A warming world destabilizes many of the factors that underpin our health. On an individual level, there’s a growing body of literature on mental health, cognition, and mortality. A 2018 study found that extreme heat reduced cognitive function in otherwise healthy young adults. The consequences can be far-reaching—from educational attainment to productivity. Another new study forecasts heat-related deaths in Canada could increase five-fold by mid-century compared to historic norms.
There’s also a relationship between greenhouse gas emissions and other health-damaging pollutants. Among the worst is particulate matter (a.k.a. soot) generated by coal-fired electricity, heavy industry, vehicles, and, increasingly, forest fires exacerbated by climate change. These particulates can aggravate and increase the risk of heart diseases and lung diseases (asthma in particular). Let’s take coal as an example—we can actually quantify the benefits of avoiding one tonne of pollution from coal power across provinces.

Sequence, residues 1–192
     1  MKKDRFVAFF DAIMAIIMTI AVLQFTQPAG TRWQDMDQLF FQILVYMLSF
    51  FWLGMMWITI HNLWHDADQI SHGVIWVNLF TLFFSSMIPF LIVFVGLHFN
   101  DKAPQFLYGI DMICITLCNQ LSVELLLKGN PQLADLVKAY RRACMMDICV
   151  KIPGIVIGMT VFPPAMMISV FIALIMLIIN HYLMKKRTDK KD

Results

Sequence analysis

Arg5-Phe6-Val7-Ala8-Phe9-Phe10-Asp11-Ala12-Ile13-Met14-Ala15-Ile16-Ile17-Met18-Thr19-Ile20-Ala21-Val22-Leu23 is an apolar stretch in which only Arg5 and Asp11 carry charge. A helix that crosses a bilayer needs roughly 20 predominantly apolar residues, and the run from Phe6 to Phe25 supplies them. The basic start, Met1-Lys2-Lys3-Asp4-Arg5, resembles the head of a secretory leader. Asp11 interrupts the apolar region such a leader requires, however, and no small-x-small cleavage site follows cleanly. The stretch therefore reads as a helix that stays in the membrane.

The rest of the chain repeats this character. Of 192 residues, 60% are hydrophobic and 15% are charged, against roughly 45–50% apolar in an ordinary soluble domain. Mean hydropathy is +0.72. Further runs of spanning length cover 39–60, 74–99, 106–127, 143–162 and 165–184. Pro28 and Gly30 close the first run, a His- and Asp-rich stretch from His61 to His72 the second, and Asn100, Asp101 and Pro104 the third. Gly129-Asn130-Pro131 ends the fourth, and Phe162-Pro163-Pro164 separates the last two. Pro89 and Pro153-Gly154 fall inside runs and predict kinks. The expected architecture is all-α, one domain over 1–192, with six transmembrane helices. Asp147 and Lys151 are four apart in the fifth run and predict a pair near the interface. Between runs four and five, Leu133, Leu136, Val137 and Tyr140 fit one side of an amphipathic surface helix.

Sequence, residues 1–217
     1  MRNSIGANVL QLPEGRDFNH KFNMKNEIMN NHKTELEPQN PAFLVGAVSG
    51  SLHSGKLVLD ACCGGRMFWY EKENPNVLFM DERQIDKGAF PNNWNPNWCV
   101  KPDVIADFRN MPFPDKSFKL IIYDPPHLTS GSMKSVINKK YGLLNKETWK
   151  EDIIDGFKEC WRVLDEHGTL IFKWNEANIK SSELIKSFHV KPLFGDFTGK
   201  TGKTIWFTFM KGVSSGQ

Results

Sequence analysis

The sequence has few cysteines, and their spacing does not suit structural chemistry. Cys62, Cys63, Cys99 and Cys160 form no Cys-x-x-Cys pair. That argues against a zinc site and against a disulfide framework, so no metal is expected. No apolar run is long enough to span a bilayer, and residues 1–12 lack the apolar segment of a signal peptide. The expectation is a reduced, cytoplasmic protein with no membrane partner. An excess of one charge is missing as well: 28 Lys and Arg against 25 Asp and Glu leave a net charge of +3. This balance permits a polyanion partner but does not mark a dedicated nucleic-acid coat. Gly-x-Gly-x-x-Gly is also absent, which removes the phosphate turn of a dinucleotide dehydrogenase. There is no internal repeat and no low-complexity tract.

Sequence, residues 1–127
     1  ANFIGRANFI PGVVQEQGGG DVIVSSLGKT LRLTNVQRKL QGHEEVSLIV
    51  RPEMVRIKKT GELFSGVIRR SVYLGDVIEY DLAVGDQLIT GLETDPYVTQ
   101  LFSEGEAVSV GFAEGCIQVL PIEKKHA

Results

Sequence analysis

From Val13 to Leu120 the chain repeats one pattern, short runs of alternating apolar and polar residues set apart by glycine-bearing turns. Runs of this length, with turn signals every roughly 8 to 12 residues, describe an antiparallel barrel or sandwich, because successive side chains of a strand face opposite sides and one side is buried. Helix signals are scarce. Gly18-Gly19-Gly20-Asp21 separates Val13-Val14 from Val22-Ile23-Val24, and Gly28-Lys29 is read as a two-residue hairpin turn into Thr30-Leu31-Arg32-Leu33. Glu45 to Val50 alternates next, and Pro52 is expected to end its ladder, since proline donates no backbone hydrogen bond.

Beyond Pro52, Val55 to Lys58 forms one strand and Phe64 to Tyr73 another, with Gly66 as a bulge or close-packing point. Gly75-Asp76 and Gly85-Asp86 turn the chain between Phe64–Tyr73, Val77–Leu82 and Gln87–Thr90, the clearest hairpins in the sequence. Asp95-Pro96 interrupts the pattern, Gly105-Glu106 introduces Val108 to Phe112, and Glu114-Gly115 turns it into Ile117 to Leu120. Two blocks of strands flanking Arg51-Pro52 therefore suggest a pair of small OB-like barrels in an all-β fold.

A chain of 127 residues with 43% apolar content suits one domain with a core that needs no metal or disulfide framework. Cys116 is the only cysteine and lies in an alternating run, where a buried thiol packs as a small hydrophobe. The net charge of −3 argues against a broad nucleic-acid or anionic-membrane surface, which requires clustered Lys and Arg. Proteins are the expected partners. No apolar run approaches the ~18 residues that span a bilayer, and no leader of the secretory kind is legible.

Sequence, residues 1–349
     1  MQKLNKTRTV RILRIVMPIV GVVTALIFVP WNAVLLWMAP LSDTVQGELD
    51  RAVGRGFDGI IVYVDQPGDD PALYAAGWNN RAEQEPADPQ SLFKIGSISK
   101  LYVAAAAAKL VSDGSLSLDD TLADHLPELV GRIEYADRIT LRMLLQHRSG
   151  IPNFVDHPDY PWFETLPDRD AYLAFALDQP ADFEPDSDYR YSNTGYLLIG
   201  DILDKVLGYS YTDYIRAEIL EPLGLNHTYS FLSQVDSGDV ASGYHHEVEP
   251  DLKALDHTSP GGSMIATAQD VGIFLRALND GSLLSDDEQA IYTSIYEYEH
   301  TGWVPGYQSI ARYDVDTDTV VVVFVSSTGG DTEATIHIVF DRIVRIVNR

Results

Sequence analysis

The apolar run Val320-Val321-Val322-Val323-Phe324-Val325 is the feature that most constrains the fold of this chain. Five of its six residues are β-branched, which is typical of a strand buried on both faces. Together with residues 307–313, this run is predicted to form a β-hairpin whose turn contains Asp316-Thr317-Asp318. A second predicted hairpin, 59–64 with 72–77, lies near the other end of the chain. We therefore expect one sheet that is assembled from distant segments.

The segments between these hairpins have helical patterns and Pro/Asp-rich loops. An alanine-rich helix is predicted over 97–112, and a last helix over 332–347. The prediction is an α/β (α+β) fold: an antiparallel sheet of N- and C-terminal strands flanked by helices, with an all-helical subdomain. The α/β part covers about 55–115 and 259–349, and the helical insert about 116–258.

Figure 1: Cumulative avoided health impacts from air pollution for selected outcomes, 2015-2035 Source: Pembina Institute, 2016
In addition to chronic health issues, climate change is increasing the risk of disease transmission. A quick example: Warmer average temperatures are expanding the territories of disease-carrying insects like ticks. The incidence of Lyme disease in Canada has increased sevenfold over the last decade.
Figure 2: Number and incidence of confirmed and probable Lyme disease cases in Canada
Source: Health Canada, 2018
Weaving these risks together reveals a tapestry of emerging public health challenges. Renowned medical journal The Lancet puts it succinctly: “Anthropogenic climate change threatens to undermine the past 50 years of gains in public health.” Canadian doctors are issuing a similar warning.
Climate risk in our communities
Summarizing the community-level risks of climate change in such a small space is impossible. Luckily for the wonks, a new study from the U.S. catalogues them in incredible detail.